some nights she just wasn’t
herself, skin pale and damp as a child’s
they lay her in a glass coffin
told me there was something in her throat
and I said yes we’ve all swallowed a lot of crap,
choked down broken promises like apple.
they just wanted to look at her
beautiful her face still flushed
her lips red as blood on the windowsill
(the promises of her mother come back to haunt her-
why do they wish beauty? Why not safety?)
at night she felt there were eyes on her
but we said there was nobody there
no one could hurt her with us around
still she would fall down one time
the doc said her hair ribbon was laced
with poison absorbed through her scalp
she slept twelve days straight
we stayed over her and sang
she was nervous about strangers
had dreams about old women and mirrors
we figured she’d come to a bad end
girls like that they bruise easy like fruit
girls like that always getting lost in the woods
looking for a father-figure,
trading in her high-heels for hand-me-downs,
but don’t count her out yet
something tells me she hasn’t
drawn her last breath her mouth is still open
she always felt something in her chest
at night said she felt hollow
something about “trading her heart”
something about “destined for an early grave”
you know girls like her always singing
ballads about babies buried under trees
you never know with this kind of girl
hair dark as ebony and skin white as snow
full of nursery rhymes about red roses
this might be the wake up call she needed
The Secret Life of the Forest
after Rene Lynch’s exhibition of paintings by the same name
I am a romantic. This despite the birds in my hair.
I’ve wandered too far off the path collecting flowers,
simply because I wanted more.
The air around me turns metallic.
My dress and skin are thin as mist,
you can see the blue beneath.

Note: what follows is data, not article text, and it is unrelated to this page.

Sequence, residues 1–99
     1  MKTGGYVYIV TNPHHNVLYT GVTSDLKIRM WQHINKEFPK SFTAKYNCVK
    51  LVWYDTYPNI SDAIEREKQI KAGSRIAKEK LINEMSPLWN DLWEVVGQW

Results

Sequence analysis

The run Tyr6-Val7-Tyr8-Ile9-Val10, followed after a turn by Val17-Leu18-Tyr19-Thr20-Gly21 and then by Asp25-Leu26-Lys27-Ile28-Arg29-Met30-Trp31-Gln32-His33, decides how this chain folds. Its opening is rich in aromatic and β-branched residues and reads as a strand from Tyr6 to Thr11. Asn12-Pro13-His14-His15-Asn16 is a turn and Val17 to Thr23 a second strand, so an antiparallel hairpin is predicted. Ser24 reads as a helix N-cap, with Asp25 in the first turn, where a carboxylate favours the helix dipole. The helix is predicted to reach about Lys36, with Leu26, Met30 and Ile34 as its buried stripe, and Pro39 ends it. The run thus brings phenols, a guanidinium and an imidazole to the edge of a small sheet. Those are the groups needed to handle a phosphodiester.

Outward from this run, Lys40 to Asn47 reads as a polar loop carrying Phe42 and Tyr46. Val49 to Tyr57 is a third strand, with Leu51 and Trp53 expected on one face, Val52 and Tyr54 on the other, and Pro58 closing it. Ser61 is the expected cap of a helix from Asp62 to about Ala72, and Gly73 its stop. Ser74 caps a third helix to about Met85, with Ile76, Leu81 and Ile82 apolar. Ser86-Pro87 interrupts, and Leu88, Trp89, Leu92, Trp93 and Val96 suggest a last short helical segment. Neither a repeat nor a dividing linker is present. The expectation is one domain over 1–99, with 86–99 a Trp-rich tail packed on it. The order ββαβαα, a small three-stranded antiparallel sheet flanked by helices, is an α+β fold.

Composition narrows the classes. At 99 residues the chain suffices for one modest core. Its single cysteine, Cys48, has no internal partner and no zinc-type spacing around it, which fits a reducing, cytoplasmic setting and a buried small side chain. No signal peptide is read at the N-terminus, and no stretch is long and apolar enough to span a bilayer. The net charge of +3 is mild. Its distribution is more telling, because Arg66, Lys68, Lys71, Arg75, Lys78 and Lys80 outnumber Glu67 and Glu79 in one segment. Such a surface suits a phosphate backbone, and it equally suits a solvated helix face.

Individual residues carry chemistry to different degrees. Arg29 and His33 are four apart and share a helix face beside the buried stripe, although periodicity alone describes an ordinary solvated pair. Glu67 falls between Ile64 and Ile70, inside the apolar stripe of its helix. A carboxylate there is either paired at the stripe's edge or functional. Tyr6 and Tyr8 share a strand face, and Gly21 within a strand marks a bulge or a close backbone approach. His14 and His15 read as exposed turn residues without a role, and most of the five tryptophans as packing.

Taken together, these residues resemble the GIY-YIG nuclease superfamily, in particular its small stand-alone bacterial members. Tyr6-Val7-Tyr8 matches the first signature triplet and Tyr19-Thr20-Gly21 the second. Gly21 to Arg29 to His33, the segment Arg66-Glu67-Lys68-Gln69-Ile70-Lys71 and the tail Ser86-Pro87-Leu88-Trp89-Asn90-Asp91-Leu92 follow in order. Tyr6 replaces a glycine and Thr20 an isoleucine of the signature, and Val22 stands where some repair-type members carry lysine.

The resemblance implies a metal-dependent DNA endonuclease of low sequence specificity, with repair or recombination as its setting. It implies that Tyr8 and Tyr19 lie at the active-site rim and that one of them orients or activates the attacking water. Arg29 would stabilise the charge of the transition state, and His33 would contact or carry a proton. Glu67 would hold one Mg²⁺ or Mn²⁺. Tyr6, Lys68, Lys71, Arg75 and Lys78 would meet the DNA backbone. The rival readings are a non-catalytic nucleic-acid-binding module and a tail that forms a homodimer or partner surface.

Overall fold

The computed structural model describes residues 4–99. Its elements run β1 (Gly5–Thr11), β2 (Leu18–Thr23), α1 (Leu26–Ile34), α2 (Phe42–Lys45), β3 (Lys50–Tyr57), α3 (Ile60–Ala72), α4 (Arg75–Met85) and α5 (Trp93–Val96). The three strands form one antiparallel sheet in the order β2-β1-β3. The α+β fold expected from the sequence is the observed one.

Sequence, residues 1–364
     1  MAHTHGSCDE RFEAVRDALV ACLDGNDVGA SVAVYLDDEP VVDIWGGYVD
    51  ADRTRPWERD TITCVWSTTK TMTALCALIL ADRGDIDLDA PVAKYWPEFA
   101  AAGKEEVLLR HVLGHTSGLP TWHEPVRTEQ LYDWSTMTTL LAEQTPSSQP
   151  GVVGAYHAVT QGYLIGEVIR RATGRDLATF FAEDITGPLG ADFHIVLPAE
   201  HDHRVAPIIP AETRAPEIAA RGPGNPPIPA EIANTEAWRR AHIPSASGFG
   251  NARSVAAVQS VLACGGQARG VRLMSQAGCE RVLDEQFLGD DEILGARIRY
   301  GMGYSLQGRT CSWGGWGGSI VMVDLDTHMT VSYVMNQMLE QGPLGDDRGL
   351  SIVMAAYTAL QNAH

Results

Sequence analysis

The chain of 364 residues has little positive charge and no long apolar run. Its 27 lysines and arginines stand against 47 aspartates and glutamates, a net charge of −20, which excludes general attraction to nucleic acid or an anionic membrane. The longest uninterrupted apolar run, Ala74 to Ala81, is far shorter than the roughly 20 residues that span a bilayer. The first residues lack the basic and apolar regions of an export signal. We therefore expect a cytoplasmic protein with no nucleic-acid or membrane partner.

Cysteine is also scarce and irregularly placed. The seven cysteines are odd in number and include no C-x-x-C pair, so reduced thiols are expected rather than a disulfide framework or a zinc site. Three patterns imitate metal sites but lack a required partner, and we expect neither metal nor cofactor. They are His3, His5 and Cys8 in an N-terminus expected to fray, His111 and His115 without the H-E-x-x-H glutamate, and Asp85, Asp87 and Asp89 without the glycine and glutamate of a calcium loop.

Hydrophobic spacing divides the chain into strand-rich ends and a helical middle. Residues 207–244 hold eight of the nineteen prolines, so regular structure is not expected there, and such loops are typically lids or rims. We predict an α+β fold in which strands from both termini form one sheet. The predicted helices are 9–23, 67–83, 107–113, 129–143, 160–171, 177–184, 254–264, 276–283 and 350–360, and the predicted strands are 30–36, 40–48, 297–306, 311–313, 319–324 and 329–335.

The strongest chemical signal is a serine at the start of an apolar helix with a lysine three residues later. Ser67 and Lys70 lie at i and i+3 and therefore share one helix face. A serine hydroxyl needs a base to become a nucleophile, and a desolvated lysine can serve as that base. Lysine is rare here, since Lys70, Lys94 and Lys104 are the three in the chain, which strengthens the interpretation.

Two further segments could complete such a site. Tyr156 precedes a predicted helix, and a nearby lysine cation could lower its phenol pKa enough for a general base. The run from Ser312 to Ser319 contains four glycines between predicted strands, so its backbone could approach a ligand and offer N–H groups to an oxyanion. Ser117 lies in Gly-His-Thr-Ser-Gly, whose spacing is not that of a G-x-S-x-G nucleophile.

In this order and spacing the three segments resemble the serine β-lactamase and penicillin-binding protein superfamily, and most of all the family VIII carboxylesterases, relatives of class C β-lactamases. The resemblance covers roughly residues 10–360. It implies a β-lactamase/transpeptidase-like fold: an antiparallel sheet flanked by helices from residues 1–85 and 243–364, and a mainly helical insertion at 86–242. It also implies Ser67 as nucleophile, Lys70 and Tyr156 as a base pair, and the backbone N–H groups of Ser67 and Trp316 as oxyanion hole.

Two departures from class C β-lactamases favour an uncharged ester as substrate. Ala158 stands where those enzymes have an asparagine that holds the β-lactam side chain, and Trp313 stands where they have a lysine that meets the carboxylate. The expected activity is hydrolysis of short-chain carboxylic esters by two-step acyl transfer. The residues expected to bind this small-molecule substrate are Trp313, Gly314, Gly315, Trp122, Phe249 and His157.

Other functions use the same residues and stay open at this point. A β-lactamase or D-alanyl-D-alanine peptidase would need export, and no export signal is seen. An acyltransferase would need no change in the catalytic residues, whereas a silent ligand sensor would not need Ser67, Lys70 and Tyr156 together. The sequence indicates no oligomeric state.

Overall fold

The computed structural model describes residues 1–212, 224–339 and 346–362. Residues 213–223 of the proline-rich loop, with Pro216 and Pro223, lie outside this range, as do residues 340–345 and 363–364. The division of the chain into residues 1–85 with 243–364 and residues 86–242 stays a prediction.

The forest sways above me, my arms become branches.
In thirty years, will there still be swallows
to pick the gold from my hair?
Wolves chasing my ankles?
So many children lost to the forest,
simply swallowed by thickets.
Trails of breadcrumbs and crumpled notes.
I’m looking out for myself. I know the red dusk,
the teeth and claws of darkness, the folly
of wearing leaves for a blanket. Anywhere I go,
I’ll bring a set jaw and outstretched hand.
Cautionary Tale About Women Who Turn Into Birds
Sweeping their pale feathers from the floor.
They were always hungry, always about to take flight.
Broody. Brooding. Interested in silk thread, in shine.
One day you will speak their language.
One day you will learn to fly.
One day you too will see the iron lake and meet your brothers in the air.
One day they were wearing moonlight, the next the stars.
How could you expect to hold them? They had warned you
already with that ring in the soup, their strange silences
you mistook for serenity. Write them a love letter,
put it in the mouth of a cave. Wait seven years.
It may be their migration was a mistake.
Jeannine Hall Gailey is the Poet Laureate of Redmond, Washington, and the author of Becoming the Villainess (Steel Toe Books, 2006) and She Returns to the Floating World (Kitsune Books, 2011,) an Eric Hoffer Montaigne Medal finalist for 2012. Her work has been featured on NPR’s The Writer’s Almanac, Verse Daily, and in The Year’s Best Fantasy and Horror. Her poems have appeared in journals such as The Iowa Review,American Poetry Review, and Prairie Schooner. She’s a 2013 Jack Straw Writer, volunteers as an editorial consultant for Crab Creek Review and currently teaches part-time at the MFA program at National University. Her web site is www.webbish6.com.